We'd like to make fun of Captain Richard Madden's "long horseface," but we're too scared (4). The man is ruthless, unstoppable, and in Yu Tsun's words, "implacable" (2). That makes him terrifying.
Yet Captain Madden is not really a bad guy. Sure, he hunts his enemies down like a well-oiled machine, but it's nothing personal. As Yu Tsun points out, he's obliged to be implacable. See, the thing is, he's an Irishman in the service of the English armed forces, at a time when relations between the two nations were particularly frosty. Which means that – like our protagonist – Madden has something to prove to his superiors. Since the English don't really trust the Irish, his nationality means that he's "suspected of equivocal feelings if not of actual treachery." That's why Yu Tsun doesn't blame Madden for making it his personal mission to hunt him down. After all, "how could he fail to welcome and seize upon this extraordinary piece of luck: the discovery, capture and perhaps the deaths of two agents of Imperial Germany?" (2).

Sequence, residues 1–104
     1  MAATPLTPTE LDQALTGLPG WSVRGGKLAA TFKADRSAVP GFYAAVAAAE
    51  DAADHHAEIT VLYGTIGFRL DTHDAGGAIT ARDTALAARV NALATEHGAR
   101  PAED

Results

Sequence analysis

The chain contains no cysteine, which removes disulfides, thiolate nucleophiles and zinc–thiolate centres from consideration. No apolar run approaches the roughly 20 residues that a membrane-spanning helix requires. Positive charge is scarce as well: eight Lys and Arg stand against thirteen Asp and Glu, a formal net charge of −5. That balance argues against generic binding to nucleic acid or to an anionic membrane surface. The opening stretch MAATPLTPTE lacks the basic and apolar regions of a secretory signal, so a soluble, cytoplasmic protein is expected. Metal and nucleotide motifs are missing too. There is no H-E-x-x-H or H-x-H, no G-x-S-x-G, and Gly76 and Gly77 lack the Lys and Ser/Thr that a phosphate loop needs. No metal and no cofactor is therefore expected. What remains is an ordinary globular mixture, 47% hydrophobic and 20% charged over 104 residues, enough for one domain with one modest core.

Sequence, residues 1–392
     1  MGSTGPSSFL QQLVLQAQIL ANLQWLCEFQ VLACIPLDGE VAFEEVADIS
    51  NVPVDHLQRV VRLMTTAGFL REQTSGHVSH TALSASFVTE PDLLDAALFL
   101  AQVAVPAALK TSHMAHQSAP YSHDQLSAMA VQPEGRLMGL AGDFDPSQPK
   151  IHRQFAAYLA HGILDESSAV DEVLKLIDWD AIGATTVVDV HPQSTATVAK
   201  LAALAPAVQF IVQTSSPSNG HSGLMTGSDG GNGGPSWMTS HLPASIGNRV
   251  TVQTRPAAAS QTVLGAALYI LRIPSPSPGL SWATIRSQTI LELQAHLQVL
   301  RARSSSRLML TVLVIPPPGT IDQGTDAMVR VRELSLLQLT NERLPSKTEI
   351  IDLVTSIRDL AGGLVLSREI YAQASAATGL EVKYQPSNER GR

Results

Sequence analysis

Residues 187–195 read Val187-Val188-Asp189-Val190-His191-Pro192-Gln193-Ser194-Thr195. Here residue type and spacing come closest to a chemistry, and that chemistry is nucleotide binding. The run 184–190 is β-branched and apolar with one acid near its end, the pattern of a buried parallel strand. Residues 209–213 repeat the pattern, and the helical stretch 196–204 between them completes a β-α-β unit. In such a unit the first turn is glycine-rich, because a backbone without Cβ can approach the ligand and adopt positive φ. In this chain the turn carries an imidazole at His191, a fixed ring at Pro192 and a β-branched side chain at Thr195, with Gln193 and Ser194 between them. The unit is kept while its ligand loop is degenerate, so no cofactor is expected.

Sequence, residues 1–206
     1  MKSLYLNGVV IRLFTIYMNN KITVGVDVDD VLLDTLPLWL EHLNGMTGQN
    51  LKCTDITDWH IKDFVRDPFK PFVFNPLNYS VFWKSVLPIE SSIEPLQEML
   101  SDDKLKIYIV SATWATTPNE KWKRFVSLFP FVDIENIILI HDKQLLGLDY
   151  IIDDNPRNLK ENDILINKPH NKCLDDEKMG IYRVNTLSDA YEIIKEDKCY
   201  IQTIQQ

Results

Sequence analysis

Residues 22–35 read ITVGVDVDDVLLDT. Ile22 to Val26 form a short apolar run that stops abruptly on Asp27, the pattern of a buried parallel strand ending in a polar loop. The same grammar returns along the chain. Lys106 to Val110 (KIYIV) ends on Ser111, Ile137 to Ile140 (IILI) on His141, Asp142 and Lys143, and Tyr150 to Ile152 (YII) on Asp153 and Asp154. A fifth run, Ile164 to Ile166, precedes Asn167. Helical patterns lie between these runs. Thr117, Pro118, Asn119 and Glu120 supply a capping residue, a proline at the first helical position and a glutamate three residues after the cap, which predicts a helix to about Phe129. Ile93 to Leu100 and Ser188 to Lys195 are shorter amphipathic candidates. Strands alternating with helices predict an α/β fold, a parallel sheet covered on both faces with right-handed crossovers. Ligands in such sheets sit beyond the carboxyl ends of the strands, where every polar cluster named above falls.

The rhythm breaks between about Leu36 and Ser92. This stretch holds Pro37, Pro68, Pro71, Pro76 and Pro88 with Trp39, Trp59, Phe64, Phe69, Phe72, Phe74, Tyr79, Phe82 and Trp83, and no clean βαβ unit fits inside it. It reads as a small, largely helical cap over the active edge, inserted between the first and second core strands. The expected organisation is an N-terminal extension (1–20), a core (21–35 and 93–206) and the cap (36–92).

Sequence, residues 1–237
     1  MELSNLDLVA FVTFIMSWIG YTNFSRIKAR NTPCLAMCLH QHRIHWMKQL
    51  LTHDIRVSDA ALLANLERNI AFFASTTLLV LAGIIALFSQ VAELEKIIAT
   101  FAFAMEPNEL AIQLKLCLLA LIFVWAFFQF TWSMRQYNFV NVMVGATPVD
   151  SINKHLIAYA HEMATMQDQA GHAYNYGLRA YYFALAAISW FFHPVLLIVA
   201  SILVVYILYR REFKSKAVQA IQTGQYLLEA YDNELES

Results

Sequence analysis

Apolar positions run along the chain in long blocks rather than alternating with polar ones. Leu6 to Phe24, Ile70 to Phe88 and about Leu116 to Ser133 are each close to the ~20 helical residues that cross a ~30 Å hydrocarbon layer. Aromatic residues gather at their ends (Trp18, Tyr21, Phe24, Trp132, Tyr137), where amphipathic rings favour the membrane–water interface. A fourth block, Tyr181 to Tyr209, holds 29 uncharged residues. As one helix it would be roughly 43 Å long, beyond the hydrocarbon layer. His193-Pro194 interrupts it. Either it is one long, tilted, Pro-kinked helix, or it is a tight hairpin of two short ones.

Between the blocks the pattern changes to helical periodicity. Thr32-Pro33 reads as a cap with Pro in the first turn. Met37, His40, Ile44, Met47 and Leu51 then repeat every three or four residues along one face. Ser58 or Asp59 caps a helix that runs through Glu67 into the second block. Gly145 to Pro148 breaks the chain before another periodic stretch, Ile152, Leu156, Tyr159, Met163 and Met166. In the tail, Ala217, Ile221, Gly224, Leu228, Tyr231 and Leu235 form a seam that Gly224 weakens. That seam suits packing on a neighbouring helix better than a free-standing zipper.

No hard feelings, scary dude! But, um... we're going to run like heck now.